American Cruise Lines could be first to resume travel post-coronavirus

American Cruise Lines aims to resume riverboat travel by end of June

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While prominent cruise lines like Royal Caribbean and Carnival might not be resuming travel after the coronavirus shutdown until Aug. 1, American Cruise Lines is aiming to get back on the water by the end of June.

According to Cruise Industry News, the smaller riverboat cruise line plans to have two ships back in service at 75 percent capacity. The American Song will sail on the Columbia and Snake Rivers, and the American Harmony plans to cruise down the Mississippi.

"Our guests want to cruise," American Cruise Lines CEO Charles B. Robertson told FOX Business. "There is a resurgence of demand to begin exploring this country, and as the largest American cruise line, we look forward to responsibly resuming travel."

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American Cruise Lines plans to reopen Alaska cruises this summer and debut its third riverboat, the American Jazz, in September.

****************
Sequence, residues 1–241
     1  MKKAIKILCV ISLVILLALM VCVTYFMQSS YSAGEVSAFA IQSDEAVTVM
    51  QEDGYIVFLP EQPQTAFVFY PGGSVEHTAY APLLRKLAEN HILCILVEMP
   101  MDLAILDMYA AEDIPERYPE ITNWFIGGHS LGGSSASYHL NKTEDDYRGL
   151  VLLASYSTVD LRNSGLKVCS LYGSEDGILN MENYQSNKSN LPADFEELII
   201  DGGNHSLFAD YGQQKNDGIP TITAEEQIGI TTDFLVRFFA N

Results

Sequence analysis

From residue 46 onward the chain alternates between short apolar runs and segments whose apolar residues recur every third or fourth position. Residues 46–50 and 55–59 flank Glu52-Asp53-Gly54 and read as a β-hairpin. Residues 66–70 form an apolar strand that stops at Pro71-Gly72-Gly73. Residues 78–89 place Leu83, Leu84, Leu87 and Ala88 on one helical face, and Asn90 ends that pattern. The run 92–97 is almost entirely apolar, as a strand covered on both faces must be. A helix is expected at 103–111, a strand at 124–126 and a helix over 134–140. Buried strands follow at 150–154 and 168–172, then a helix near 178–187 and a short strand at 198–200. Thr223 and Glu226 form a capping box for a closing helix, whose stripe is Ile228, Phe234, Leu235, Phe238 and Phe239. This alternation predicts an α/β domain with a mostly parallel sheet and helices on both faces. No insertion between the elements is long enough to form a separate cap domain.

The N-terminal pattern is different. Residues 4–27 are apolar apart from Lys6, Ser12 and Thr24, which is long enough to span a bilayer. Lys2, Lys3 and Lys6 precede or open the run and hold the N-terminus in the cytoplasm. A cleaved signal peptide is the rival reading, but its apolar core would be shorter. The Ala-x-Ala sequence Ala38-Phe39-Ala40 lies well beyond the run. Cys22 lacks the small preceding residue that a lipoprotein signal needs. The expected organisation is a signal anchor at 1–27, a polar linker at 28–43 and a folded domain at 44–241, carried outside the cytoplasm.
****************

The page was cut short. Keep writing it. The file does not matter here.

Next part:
The American Harmony typically has a capacity of 190 guests, while Royal Caribbean and Carnival ships have space for several thousand guests under normal circumstances.

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The company has released a coronavirus operating protocol plan in an effort to reopen which includes independent HVAC systems in each room, touchless check-in, PPE availability for guests and crew, and hourly sanitation.

Cruise ships were arguably hit hardest amid coronavirus, being one of the early carriers of the virus and impacted by restricted travel. According to Forbes, the $45 billion industry dropped more than 80 percent in cruise line shares since the beginning of the pandemic.

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